That’s not the way Lee characterizes it however, telling DnA: “Actually I think a lot of the architects we've invited are very radical but they don't they don't wear the radicality on their sleeves… But I think it slowly unveils itself to those who pays attention.”
Lee and Johnston also talk about their most high-profile project to day, the Drawing Institute for the Menil Collection in Houston, Texas. Their serene, white structure is designed to harmonize with the pre-war houses adjacent to the 30-acre campus and Renzo Piano’s building designed there in 1987.
“I think we'll consider the building a success if one could visit the campus for the first time and couldn't quite tell when our building was built,” says Lee.
Making history: highlights from the 2017 Chicago Architecture Biennial
'A biennial is not an all-star team': Sharon Johnston and Mark Lee on 'Make New History'
The architecture of everything and nothing
Chicago Architecture Biennial: Not Just Glass Towers and Ruin Porn
Blair Kamin: Biennial needs to relate better to local audience
'Make New History,' the second Chicago Architecture Biennial, brings the focus back to square one
Boring architecture? Yes, please
The inside of Chicago’s new Apple “town square.” Photo by Frances Anderton.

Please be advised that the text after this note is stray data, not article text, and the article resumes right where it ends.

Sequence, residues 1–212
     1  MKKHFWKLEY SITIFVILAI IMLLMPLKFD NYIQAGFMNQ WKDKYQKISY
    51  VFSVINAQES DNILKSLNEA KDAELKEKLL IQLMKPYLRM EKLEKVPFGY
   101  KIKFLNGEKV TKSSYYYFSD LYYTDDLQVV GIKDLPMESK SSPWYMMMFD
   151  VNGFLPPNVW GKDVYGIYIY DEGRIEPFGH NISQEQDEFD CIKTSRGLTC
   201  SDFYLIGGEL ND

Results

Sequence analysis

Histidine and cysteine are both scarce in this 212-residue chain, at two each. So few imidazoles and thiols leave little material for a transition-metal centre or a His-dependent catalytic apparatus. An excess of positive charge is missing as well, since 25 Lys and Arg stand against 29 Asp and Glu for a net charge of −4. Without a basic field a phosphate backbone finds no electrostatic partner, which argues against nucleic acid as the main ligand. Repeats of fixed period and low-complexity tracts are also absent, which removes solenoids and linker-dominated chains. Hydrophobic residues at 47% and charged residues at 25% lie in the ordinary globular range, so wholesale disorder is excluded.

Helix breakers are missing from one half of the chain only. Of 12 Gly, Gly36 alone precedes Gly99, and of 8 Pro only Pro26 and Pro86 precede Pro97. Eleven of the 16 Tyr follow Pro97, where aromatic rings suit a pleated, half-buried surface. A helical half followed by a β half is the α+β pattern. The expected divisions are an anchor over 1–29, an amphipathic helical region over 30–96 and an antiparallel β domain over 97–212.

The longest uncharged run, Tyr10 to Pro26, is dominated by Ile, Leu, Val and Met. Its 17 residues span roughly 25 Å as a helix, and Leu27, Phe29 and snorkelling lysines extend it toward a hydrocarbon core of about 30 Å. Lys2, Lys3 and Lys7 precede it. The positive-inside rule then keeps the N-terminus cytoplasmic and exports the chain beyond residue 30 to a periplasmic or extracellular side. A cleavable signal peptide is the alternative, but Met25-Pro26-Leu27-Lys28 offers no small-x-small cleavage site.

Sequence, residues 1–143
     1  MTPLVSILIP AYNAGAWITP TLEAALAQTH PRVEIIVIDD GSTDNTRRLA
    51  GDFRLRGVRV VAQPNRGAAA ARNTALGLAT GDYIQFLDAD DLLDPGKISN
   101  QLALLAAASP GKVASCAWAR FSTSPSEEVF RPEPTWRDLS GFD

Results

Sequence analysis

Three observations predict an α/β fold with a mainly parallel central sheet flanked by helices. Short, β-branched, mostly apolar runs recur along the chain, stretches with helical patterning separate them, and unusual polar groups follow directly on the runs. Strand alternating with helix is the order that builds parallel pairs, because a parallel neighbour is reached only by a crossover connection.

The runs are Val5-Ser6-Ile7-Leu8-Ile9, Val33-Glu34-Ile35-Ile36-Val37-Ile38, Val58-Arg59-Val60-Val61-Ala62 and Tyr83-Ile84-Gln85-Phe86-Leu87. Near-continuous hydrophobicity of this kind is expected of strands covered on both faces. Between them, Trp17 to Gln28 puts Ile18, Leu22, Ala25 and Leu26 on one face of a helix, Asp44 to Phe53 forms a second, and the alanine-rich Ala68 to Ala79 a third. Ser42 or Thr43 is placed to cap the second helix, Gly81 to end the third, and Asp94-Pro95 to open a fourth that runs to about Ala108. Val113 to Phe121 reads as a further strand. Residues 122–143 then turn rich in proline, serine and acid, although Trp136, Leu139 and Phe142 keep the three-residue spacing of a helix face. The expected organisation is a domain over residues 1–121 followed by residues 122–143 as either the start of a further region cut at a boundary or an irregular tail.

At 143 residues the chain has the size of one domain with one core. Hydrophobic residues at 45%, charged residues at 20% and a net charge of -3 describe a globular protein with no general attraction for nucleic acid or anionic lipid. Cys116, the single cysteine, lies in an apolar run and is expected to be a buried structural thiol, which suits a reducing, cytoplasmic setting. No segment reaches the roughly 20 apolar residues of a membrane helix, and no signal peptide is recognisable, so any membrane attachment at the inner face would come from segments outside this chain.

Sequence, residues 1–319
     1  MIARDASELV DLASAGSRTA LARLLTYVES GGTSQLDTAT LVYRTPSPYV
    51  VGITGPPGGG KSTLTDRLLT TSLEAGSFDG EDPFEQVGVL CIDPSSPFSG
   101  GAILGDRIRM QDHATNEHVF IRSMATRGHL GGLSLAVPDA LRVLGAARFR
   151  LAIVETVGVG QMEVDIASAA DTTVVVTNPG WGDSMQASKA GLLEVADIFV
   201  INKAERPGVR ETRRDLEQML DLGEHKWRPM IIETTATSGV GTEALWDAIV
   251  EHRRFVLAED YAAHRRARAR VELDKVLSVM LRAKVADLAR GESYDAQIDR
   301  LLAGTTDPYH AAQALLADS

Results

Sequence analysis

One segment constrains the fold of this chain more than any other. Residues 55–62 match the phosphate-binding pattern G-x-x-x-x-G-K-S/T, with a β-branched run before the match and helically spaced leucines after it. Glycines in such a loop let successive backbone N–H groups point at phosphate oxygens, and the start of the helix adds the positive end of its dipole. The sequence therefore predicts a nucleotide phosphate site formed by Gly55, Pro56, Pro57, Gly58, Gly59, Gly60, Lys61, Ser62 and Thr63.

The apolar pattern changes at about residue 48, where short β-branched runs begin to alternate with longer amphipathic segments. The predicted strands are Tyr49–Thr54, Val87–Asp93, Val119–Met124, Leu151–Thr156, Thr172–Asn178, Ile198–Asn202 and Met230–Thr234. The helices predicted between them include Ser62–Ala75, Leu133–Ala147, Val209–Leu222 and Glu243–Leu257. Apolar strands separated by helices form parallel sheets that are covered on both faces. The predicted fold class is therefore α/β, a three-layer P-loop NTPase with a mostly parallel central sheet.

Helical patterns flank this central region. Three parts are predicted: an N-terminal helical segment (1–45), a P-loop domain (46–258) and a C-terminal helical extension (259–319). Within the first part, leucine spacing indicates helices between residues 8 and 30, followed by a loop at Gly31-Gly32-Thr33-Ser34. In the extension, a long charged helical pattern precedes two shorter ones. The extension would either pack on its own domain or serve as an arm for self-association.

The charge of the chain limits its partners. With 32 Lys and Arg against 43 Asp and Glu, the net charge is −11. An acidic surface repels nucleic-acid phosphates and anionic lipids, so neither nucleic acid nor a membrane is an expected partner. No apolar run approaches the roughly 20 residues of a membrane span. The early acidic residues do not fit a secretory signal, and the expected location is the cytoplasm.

At a September product launch Apple announced a rebranding of its stores. They would now be called “town squares” and would serve as gathering places, not just venues for pushing product.
In October in Chicago, one of the first of these new Apple stores was unveiled. It’s designed by Norman Foster, the British architect behind Apple’s new headquarters in Cupertino.
The building is an immaculate glass case -- described by Chicago architect Aric Lasher as a “horizontal hovering plane with rounded edges kind of like an Apple laptop sort of floating in the sky” -- that steps down to the riverfront in Chicago.
It gives over most of its square footage to areas for hanging out. As you enter from the top you find yourself in is a stepped seating area for presentations and screenings. Enter at riverfront level and you find yourself in a spacious lobby filled with movable wooden cubes for sitting with friends. Apple products are tucked away at the back.
So does it work as both architecture serving a brand and public space? And will it last if it works too well as fun hangout?
Aric Lasher, Architect and Author